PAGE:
California Grass/Para Grass

Scientific Name: Brachiaria mutica or Urochloa mutica

Stream Impacts: Dominates freshwater riparian environments

Status and Description: Perennial, tall grass up to 6′ in height, mildly allelopathic.

Habitat: Riparian areas

Sources and More Information: University of Hawaii

Guinea Grass

Scientific Name: Urochloa maxima

Stream Impacts: Quickly grows in monocultural stands and outcompetes native vegetation

Status and Description: Perennial, tall clumping grass, blooms year-round, up to 6′ in height, widely tolerant of dry to very wet areas. Blooms year-round.

Habitat: Open areas, disturbed areas

Sources and More Information: Purdue

Kalihi Ginger

Scientific Name: Hedychium gardnerianum

Stream Impacts: Rapid spread, difficult to eradicate, reduces nitrogen, promotes erosion, inhibits stream flow, reduces light availability, forms dense monotypic stands, displaces native plants

Status and Description: Striking yellow flower spike, underground rhizome

Habitat: Open areas, disturbed areas, along waterways

Sources and More Information: USDA

Hau

Scientific Name: Hibiscus tiliaceus

Stream Impacts: When unmanaged, hau branches can droop down into the stream area and catch large debris during flooding events. These blockages can cause flooding and impede the migration of native species

Status and Description: Canoe plant, can be managed as a small shrub or grow into a large multi-trunked tree

Habitat: Commonly occurring along coasts, streams, and other wet areas to 300 m on most main islands

Sources and More Information: Bishop Museum

Suckermouth Catfish

Scientific Name: Hypostomus sp.

Stream Impacts: Digs into stream banks, causing erosion and siltation in streams. Outcompetes native stream fauna.

Status and Description: Armored scales, sail-like fins

Habitat: Rivers and streams

Sources and More Information: DLNR Aquatic Invasive Species 

Umbrella Sedge/Ahuawa haole

Scientific Name: Cyperus involucratus or Cyperus alternifolius

Stream Impacts: Persistent stream-side weed. Disperses to new areas by water and in dumped garden waste

Status and Description:Perennial with upright stems occasionally reaching up to 1.5 m in height

Habitat: Open areas, disturbed areas, along waterways

Sources and More Information:Starr Environmental, Queensland Government

Red Mangrove

Scientific Name: Rhizophora mangle

Stream Impacts: Creates anoxic environments at stream mouths/brackish areas/esturaries, alters macrofaunal community structure, facilitates further invasion by exotic species. Seeds spread via water, allowing further streamside and coastal establishment.

Status and Description: Dense hard wood, arching prop roots, monocultural stands

Habitat: Rivers and streams

Sources and More Information: Environment Hawaii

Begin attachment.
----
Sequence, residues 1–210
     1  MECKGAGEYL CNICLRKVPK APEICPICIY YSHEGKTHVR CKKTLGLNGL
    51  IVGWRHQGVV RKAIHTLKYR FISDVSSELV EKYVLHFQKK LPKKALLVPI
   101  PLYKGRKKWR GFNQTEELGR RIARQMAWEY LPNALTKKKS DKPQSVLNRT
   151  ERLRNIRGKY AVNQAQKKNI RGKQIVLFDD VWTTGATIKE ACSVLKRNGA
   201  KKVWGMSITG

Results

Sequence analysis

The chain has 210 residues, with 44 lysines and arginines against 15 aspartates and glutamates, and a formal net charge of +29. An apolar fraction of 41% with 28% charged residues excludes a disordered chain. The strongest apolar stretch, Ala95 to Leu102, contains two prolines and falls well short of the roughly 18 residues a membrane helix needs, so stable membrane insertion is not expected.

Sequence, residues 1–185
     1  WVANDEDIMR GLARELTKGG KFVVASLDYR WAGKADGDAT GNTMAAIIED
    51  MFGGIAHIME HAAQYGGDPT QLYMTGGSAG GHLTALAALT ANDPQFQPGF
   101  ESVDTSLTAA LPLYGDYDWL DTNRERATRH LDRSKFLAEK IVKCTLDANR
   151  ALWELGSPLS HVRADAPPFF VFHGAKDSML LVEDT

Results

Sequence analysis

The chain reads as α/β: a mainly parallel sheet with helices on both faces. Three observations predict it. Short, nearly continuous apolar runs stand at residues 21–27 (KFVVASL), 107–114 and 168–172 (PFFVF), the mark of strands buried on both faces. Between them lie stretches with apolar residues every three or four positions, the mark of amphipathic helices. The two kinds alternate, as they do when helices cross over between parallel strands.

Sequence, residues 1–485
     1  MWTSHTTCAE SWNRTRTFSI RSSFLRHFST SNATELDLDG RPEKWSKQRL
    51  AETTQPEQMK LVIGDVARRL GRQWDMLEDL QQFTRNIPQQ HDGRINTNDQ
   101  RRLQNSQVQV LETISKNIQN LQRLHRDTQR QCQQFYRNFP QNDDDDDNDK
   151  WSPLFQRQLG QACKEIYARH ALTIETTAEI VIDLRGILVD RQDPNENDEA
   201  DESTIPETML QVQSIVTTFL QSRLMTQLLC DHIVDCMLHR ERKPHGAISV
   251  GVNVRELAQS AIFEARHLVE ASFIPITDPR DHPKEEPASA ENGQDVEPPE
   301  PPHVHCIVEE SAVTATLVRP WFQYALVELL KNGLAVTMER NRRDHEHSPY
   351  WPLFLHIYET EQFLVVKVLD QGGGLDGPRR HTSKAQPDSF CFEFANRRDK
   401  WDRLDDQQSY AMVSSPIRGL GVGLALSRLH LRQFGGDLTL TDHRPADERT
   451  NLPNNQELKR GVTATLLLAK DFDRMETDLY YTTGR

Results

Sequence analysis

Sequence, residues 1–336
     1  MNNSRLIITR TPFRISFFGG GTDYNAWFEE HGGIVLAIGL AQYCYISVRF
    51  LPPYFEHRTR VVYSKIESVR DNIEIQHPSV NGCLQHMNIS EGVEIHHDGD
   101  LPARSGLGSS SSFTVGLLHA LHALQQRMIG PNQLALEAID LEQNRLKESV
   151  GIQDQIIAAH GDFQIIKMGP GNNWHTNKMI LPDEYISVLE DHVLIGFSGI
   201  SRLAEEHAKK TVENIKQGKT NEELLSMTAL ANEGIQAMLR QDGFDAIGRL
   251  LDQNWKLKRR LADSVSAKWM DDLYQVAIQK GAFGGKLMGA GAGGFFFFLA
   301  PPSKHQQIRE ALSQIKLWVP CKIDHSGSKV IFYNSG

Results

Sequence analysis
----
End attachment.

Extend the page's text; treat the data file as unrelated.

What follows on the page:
Octopus Tree

Scientific Name: Schefflera actinophylla

Stream Impacts: ‘Strangles’ and kills host trees in its epiphytic form, shades out native vegetation, difficult to control once established

Status and Description: Perennial, fast-growing, shiny oval leaves, pink flower stalks

Habitat: Grows as a tree and as a parasitic epiphyte with aerial roots

Sources and More Information: Hawaiian Plants and Tropical Flowers, CTAHR

Legal Responsibilities

While the water that flows through streams belongs to everyone, portions of the riparian zone are often privately owned. When improperly managed, these areas can impact the health of our stream ecosystems and can cause downstream flooding and water quality impairment.

Hawaii Revised Statutes 

[§46-11.5]  Maintenance of channels, streambeds, streambanks, and drainageways.

Notwithstanding any law to the contrary, each county shall provide for the maintenance of channels, streambeds, streambanks, and drainageways, whether natural or artificial, including their exits to the ocean, in suitable condition to carry off storm waters; and for the removal from the channels, streambeds, streambanks, and drainageways and from the shores and beaches any debris which is likely to create an unsanitary condition or otherwise become a public nuisance; provided that to the extent any of the foregoing work is a private responsibility the responsibility may be enforced by the county in lieu of the work being done at county expense, and any private entity or person refusing to comply with any final order issued by the county shall be in violation of this chapter and be liable for a civil penalty not to exceed $500 for each day the violation continues; provided further that it shall be the responsibility of the county to maintain all channels, streambeds, streambanks, and drainageways unless such channels, streambeds, streambanks, and drainageways are privately owned or owned by the State, in which event such channels, streambeds, streambanks, and drainageways shall be maintained by their respective owners. [L 1986, c 121, §2]

Revised Ordinances of Honolulu 

Article 26. Maintenance of Channels, Streambeds, Streambanks and Drainageways Sec. 41-26.3 Maintenance of streams.